In April, 1946, the matter demanded further consideration and disposition by the juvenile court. Edward had then reached the age of sixteen years. In the course of the renewed proceeding, the court on April 3rd caused to be issued a subpoena duces tecum commanding the relator to appear in court on April 8th, then and there to give evidence concerning the matter under investigation and also to bring with her into court the complete original file of the county welfare department bearing upon Edward Wournell, the named delinquent child.

It appears that, for some time prior to this last-mentioned proceeding, the county welfare department had aided the named child or his parents through its programs for general public assistance and aid to dependent children. In dispensing that assistance, the welfare department maintained three separate, distinct files, in each of which the child, Edward Wournell, was mentioned. Two of those files pertained to Ida May Wournell, now deceased, mother of Edward, and had reference to requests by her for work relief and placement and for aid to her two children, including Edward, and also contained memoranda of advice given to the mother concerning a possible annulment of marriage. The third file pertained to the grandparents, also spoken of as the adoptive parents, of Edward, and contained information relative to the grandparents' application for old age assistance and for aid to the two adoptive children, including Edward.

As on similar occasions in the past, the administrator, in response to the subpoena duces tecum, informed the juvenile court that she was forbidden by the rules and

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regulations of the welfare department to produce in court the original records in such matters. However, as also on former occasions and in accordance with the past policy of the department of social security and of the various county welfare departments, the administrator did submit to the court an analysis or summary of the record, as prepared by herself or under her supervision, which summary, in her opinion, contained all pertinent facts, data, and recommendations relative to the child Edward, but she declined to produce the original records thereon. Her refusal to submit the original files was based on the ground that such disclosures would be in violation of chapter 128, p. 382, 5, Laws of 1941 (Rem. Supp. 1941, 10007-106b [P.P.C. 917-9]) and 1, 4, and 8 of rules and regulations No. 212.6 of the state department of social security.

After examining the analysis, or summary, submitted by the administrator, the respondent judge made a finding that it was inadequate. In a memorandum opinion subsequently rendered, the judge expressed his views at some length, giving his reasons for requiring the original files. Among those reasons were the following: (1) In at least one prior summary which had been submitted to the court by the welfare department, "gross errors of fact were included, and the conclusions drawn from them were dangerously inaccurate"; (2) such summaries rarely show the source of the information included therein, and hence there is no way to determine the relative weight of the evidence on which the social worker based his or her opinion; (3) partly because of the shortage of qualified help, the county welfare department has been unable to supply such summaries within a reasonable time, whereas the original records could, in every case, be promptly produced; and (4) summaries are usually prepared by persons who are untrained workers and whose summary reports are therefore inadequate.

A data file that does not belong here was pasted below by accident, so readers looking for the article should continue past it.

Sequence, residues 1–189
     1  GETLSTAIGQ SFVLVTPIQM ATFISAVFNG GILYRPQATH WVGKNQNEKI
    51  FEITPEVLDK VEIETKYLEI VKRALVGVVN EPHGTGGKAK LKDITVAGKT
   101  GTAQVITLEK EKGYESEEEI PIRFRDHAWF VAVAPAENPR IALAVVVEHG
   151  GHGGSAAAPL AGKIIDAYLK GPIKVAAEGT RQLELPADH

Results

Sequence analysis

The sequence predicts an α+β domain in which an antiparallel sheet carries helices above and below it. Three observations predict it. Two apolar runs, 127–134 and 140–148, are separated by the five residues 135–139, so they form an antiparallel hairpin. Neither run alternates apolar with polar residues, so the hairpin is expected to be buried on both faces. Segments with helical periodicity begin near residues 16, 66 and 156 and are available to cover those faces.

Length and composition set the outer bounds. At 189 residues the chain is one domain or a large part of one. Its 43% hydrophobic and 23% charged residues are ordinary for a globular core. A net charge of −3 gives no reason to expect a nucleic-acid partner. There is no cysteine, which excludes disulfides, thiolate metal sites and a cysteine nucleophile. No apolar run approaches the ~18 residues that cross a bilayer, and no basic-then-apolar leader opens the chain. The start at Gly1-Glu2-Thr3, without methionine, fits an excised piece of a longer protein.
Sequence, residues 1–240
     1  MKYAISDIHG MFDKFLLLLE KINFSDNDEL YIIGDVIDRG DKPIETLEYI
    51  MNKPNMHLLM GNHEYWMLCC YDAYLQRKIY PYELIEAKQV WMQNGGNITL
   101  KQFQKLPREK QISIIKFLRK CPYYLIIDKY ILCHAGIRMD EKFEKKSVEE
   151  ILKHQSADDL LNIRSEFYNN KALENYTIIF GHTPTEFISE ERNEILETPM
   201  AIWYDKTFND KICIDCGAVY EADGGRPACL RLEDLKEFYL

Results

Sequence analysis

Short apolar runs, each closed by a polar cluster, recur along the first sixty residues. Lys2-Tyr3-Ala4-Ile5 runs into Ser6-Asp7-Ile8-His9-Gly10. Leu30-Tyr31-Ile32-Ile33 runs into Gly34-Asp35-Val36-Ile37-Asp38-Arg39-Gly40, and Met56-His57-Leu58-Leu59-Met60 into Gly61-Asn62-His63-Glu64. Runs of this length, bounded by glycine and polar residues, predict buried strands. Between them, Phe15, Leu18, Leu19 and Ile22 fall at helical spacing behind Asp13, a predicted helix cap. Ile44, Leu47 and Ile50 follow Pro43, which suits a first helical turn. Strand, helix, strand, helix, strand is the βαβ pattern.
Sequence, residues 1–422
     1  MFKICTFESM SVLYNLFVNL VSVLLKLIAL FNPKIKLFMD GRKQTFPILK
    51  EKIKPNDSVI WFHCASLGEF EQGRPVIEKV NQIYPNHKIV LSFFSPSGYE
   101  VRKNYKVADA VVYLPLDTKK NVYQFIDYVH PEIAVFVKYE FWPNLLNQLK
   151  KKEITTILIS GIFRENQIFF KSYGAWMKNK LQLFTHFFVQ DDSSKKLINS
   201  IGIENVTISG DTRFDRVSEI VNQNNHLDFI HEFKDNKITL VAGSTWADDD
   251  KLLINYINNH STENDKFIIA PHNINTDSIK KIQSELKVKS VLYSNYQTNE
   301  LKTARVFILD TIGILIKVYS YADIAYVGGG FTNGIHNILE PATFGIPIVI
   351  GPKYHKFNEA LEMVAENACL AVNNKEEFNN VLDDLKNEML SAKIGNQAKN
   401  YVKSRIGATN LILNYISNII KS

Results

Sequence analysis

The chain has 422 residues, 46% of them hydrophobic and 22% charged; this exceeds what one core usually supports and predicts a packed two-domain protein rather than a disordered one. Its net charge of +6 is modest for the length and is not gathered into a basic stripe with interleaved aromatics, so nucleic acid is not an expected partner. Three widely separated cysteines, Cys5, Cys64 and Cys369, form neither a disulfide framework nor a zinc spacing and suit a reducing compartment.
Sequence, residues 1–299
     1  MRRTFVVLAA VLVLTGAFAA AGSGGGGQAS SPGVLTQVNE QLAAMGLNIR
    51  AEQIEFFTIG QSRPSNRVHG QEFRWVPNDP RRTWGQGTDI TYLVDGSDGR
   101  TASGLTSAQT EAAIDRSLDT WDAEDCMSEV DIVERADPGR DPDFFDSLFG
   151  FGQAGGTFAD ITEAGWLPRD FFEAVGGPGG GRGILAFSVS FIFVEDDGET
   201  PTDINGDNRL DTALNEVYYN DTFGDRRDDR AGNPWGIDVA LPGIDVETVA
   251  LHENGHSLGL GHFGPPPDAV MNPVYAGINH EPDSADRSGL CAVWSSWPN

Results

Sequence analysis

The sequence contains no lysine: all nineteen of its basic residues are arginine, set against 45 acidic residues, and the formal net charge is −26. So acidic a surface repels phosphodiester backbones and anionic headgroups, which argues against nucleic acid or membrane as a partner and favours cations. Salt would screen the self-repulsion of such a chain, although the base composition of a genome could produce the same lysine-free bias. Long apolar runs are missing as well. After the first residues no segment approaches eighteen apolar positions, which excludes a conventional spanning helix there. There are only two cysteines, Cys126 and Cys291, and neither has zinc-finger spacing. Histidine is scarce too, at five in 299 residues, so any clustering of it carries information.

The opinion further emphasized the fact that the desired information had been requested for the court's "own use in determining the ultimate disposition of a maladjusted child," and pointed out that the practice obtaining generally in all juvenile courts in this state was to conduct such

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juvenile hearings privately and to withhold from public inspection the records obtained from the administrators of assistance programs.

Having set forth at length its reasons for requiring the original records, the memorandum opinion concluded with an order directing the administrator to produce such records on a day set, under penalty of being held in contempt for failure to do so. The administrator thereupon filed in this court an application for a writ of certiorari to review the order made by the juvenile court.

Relator's contention is that the records of the welfare department are confidential, in that they involve communications which are privileged against disclosure. The basis of this contention is predicated upon that portion of the Federal social security act relative to state plans for aid to dependent children, found in 49 Stat. 627, 402, as amended by 53 Stat. 1379, 401, 42 U.S.C.A. 593, 602 (a), which provides:

"A State plan for aid to dependent children must . . . (8) provide safeguards which restrict the use or disclosure of information concerning applicants and recipients to purposes directly connected with the administration of aid to dependent children."

A subsequent section provides that, upon failure to comply substantially with any provision required by 602 (a), the Federal social security board shall notify the state agency that further payments will not be made to the state until the board is satisfied that there is no longer any such failure to comply. 49 Stat. 628, 404, 42 U.S.C.A. 595, 604.

Pursuant to the provisions of the Federal act, the legislature of this state enacted chapter 128, Laws of 1941, p. 379 (Rem. Supp. 1941, 10007-103a [P.P.C. 922-7] et seq.), 5 of which act provides: